As I indicated earlier, Scotland is remarkably diverse for a small country. Its cities are economic and cultural hubs for distinctive surrounding regions and it is important that we do not lose sight of the national and regional dimensions in our desire to give greater power to communities. While we should be guided by the dictum that small is beautiful, we must be realistic enough to recognise that Scotland does not have a Hobbit economy.  Like the Scandinavian neighbours we aspire to emulate, we need democratic structures capable of making big strategic decisions on infrastructure and other matters in the national or regional interest.


As we move towards Scotland’s date with destiny, there are a lot of positive things we can say about our cities.  We have a vibrant, diverse, outward-looking and increasingly confident urban culture and the independence debate has stimulated debate about possible futures. There has been a flowering of civic and community activism and we have a good understanding of the things which are socially and culturally enriching in urban life.  There is a broad commitment to making our cities more sustainable and liveable places and a recognition that they need to collaborate as well as compete.

However, if we are to get closer to the sort of urban renaissance that Patrick Geddes envisaged, we need to think radically about how best to empower communities and re-engage citizens with decision-making.  We need local government which is genuinely local.  We need to get a lot better at building popular consensus around programmes of urban renewal and seeing them through to delivery over the long term.  We need to pursue the changes in land ownership and taxation required to ensure that communities benefit from the uplift in land values resulting from development.  We need to nurture the role of our cities as the economic and cultural capitals of their respective regions.  We need to reflect Scotland’s strong regional dimension in our approach to decision-making in a way which is consistent with the return of power to communities.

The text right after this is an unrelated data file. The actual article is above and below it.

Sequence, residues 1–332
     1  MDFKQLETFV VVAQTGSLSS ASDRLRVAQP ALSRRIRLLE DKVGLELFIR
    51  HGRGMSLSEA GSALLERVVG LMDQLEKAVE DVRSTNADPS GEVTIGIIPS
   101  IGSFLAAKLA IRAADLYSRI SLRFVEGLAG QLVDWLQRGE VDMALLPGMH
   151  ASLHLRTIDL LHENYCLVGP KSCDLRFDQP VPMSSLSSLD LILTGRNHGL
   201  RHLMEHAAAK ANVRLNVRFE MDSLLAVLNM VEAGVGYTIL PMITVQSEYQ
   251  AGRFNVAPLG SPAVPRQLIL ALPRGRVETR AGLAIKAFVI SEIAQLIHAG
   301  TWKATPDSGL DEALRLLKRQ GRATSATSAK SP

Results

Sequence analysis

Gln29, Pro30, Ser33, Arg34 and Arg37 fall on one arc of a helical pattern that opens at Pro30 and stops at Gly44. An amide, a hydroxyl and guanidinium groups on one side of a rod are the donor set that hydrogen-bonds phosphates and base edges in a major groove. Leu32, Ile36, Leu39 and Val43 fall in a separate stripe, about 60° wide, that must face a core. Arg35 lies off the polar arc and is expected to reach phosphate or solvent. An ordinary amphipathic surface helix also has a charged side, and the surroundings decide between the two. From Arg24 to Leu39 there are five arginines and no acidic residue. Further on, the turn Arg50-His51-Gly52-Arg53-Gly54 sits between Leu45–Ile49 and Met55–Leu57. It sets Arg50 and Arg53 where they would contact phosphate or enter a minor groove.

This article was prepared as a paper for the Re-imagining Our Urban Future conference which the International Christian College had planned to host in Glasgow in 21 February 2014.